Planning for the Classroom of the Future — from campustechnology.com by Doug Smith
The right combination of technology and training will ensure your learning spaces can adapt to ever-changing modes of instruction. Here are key considerations for future-proofing classrooms, supporting faculty and surviving the next pandemic.

 

 

How to Support Students and Families through Technology and Innovation — from thejournal.com by Jeremy Davis

Excerpt:

Here are just a few district-wide innovations that resulted from the pandemic:

  • Worked with our local public access television station to broadcast district updates and educational resources. We contracted with Discovery Education to post some of their content to local channel 3 for students without home Internet access, and we built a television studio where our Innovation team worked with district teachers to produce content for local cable from 8–3 every week day.

DC: Which reminds me of this idea/graphic:

  • Students were provided with Internet hotspots to ensure every student in the district could access the content and the video conferencing lessons with their teachers.
  • The Educational Services department created an amazing curriculum and summer school program where students could log in and complete curricular activities as enhancements to the curriculum and throughout the summer.
  • Created videos of “how” we could do both live and online teaching at the same time to help teachers feel more comfortable with the new way of teaching.
 

Common Anxieties in Beginning HyFlex: Learning to Teach a HyFlex Class — from hyflexlearning.org by Brian Beatty

Excerpt:

Not surprisingly, one of the biggest anxieties – FEARS – for many faculty considering or implementing a HyFlex approach for the first time is learning how to do so, and to do so effectively the very first time. No one likes to feel like they aren’t equipped to do the work they are required (or challenged) to do; perhaps especially teachers who are normally in full control of their classrooms and the activities that take place in them. When you are planning to teach HyFlex, it may seem like you are planning for CHAOS, or at least planning to lose control over the class environment(s), the teaching process, and ultimately student learning. Let’s address those concerns one at a time, but briefly.

If we assume you are an effective classroom teacher, then a common design path that I usually recommend is to start with your plans for an effective classroom experience and work to translate those to the other modes, accessing expert guidance as needed (such as, instructional designers, online course design books, your colleagues). What are the learning outcomes (or instructional objectives) for the classroom? How will those translate into the online mode(s) you are planning? What about the instructional content and associated activities for the classroom? How do those translate? What about plans for assessment? Start with what you know, and are confident with, and then layer in approaches for the other modes. 

 
 

Scaling HyFlex for the Post-Pandemic Campus — from er.educause.edu by Jennifer Rider and Ayla Moore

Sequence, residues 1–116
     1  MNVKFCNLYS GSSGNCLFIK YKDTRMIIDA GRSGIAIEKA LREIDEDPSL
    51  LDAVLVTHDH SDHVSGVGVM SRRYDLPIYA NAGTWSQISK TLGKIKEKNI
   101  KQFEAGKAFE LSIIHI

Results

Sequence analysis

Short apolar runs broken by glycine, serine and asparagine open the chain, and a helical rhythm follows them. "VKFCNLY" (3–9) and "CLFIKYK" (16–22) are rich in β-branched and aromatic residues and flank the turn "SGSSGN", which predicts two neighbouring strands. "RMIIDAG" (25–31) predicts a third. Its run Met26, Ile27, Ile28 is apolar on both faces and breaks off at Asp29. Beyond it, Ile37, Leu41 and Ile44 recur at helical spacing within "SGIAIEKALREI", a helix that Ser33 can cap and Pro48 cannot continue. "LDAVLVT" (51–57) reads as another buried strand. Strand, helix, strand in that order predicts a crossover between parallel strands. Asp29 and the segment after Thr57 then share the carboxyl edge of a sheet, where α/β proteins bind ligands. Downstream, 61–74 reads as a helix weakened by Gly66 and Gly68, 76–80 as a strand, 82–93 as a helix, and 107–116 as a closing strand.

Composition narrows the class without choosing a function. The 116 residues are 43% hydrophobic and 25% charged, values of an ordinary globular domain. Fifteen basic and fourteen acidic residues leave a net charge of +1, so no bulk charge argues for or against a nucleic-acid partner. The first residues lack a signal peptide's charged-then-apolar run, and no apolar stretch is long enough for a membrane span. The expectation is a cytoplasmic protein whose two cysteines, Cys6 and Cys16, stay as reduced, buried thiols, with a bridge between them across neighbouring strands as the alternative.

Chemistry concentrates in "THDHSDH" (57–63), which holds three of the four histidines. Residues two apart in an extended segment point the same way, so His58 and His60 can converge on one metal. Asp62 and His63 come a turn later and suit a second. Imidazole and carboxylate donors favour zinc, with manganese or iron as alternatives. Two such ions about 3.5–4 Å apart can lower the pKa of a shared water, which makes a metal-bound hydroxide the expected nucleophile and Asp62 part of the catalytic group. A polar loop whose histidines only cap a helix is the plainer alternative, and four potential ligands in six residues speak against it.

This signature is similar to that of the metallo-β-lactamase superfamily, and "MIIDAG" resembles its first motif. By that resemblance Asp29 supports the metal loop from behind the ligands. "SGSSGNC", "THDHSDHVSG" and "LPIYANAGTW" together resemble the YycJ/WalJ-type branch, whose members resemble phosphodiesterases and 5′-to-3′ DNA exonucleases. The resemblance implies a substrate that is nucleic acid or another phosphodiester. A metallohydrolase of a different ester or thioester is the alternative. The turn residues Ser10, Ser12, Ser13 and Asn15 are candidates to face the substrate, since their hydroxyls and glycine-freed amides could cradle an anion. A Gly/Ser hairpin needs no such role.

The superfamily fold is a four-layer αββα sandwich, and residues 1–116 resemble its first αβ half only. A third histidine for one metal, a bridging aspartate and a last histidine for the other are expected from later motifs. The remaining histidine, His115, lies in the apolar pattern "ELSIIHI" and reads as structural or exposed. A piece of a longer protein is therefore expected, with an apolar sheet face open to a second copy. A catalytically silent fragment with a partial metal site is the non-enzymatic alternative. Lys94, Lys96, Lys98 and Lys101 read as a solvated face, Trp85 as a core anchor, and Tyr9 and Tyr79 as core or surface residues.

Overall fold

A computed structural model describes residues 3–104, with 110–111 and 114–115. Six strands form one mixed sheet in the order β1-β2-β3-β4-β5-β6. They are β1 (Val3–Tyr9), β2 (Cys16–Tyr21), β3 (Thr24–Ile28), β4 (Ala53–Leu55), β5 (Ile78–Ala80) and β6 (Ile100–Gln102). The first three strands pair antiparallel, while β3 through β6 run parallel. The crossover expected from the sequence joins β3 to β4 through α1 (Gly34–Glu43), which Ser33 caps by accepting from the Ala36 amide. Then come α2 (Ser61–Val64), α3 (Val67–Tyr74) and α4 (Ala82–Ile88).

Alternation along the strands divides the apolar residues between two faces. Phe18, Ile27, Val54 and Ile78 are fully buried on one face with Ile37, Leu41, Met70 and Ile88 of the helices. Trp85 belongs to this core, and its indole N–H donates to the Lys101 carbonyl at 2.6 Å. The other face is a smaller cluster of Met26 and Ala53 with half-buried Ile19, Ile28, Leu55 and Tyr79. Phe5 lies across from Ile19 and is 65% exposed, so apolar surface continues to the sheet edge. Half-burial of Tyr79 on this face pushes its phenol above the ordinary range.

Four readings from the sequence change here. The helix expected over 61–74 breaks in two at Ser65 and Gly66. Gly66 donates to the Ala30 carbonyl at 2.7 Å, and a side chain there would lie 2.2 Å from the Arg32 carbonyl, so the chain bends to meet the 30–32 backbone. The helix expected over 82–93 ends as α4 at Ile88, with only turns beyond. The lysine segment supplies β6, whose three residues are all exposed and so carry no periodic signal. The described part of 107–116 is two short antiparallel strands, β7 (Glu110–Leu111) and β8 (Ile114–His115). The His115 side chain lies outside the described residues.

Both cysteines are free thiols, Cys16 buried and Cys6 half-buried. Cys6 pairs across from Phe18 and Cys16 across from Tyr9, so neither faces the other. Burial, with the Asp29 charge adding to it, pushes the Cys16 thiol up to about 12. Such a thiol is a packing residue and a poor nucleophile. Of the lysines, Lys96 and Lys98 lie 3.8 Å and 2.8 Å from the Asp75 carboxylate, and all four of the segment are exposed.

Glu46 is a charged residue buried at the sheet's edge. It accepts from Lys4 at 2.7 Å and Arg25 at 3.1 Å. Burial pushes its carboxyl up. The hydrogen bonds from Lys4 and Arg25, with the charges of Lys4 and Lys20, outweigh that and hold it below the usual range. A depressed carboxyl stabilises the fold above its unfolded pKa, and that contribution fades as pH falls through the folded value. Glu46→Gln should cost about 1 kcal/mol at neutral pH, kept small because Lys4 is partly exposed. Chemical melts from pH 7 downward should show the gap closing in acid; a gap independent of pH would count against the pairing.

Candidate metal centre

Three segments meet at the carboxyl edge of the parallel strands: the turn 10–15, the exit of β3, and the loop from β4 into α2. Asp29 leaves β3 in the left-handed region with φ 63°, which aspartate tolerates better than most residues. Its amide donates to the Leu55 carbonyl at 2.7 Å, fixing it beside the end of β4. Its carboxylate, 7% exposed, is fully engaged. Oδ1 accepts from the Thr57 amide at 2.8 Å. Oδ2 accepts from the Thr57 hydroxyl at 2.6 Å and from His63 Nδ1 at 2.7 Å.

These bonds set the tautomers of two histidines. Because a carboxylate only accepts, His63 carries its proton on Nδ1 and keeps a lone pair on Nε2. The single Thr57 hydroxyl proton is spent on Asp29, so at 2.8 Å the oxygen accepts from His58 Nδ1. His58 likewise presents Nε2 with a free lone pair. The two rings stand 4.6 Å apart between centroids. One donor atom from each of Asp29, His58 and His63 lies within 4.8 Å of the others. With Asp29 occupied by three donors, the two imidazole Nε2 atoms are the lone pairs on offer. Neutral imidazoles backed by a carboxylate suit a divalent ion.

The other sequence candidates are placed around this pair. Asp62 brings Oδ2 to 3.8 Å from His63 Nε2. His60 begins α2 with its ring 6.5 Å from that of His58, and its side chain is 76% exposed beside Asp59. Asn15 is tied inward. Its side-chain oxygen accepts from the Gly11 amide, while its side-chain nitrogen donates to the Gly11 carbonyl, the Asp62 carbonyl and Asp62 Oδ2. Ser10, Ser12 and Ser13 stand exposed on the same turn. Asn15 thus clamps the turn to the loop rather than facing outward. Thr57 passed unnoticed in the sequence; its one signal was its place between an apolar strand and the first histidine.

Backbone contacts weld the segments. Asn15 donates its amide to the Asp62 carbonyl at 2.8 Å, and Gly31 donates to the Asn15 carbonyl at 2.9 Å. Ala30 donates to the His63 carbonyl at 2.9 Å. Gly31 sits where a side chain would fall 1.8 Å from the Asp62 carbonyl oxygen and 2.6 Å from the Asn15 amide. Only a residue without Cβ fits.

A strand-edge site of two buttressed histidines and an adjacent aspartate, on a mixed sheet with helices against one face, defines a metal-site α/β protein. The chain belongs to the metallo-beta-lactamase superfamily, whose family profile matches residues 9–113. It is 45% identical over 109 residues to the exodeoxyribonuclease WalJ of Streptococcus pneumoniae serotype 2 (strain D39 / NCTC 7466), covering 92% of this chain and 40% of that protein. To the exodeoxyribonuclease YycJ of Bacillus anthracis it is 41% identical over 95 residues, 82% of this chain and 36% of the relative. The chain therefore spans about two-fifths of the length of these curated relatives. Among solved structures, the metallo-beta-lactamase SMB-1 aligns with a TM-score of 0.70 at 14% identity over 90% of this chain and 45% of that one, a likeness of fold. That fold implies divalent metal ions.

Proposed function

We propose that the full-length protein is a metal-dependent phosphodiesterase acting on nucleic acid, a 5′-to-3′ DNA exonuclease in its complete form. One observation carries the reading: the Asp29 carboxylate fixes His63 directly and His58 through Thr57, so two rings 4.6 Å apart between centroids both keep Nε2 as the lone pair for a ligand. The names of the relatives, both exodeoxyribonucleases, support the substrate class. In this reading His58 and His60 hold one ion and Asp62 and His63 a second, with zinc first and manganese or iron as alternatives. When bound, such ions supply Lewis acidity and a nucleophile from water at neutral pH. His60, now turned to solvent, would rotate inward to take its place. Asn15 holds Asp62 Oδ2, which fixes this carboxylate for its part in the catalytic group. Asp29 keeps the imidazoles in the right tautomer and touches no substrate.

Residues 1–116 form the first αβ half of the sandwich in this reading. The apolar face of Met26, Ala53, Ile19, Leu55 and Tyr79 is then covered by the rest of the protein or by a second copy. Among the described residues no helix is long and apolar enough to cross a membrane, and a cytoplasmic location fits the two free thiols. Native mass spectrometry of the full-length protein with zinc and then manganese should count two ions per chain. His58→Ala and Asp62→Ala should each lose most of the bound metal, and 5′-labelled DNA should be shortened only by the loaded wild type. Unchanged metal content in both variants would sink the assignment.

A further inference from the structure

Excerpt:

Setting up HyFlex courses on any campus requires thoughtful planning, careful analysis, continual assessment, and faculty support. But is HyFlex something that higher education institutions can and should permanently adopt in a post-pandemic world?

 

Fort Lewis College's USDA Grant Proposal

 

The Tomorrow Room on campus is a space where new technology will be showcased so that faculty can become familiar with the room design and technology before teaching in a HyFlex classroom.

 

What doors does this type of real-time translation feature open up for learning? [Christian]

From DSC:
For that matter, what does it open up for #JusticeTech? #Legaltech? #A2J? #Telehealth?

 

Learning from the living class room

 

So this is what my new Streaming TV studio looks like – I call it ‘Keynote Television’ — from futuristgerd.com by Gerd Leonhard

Excerpt:

Many of you have asked me how I do my online keynotes, specifically my green screens, lights, virtual backgrounds etc. So here are some pictures and below is a short video from Twitter but the bottom line is… it’s complicated and took me some 6 months to learn it all:)). But well worth it: Keynote Television rocks!

Gerd Leonhard's studio where he makes what he calls Keynote Television

From DSC:
I was one of those people who asked Gerd if he would tell teachers, professors, trainers, IDs, and others how he does what he does. Thanks Gerd for sharing this information! May it be a blessing to many!

 
 

HyFlex Learning from an Undergraduate Student’s Perspective: Positives and Pitfalls — from hyflexlearning.org by Ashley Peterson

Excerpt:

HyFlex learning: the learning method none of us expected, nor was quite ready for. On March 12, 2020, my school, the University of St. Thomas, announced that we would be transitioning to online learning for a few weeks – maybe even longer. That following fall semester was when HyFlex learning kicked into high gear, giving us students control over choosing the learning modality that worked for our needs. Though HyFlex learning came as a surprise, sometimes the least expected things are the most worthwhile. With over a year of online/HyFlex learning under my belt, I am now reflecting on the positives and the pitfalls of the time spent inside and outside the classroom as a college student.

Also see:

 
© 2021 | Daniel Christian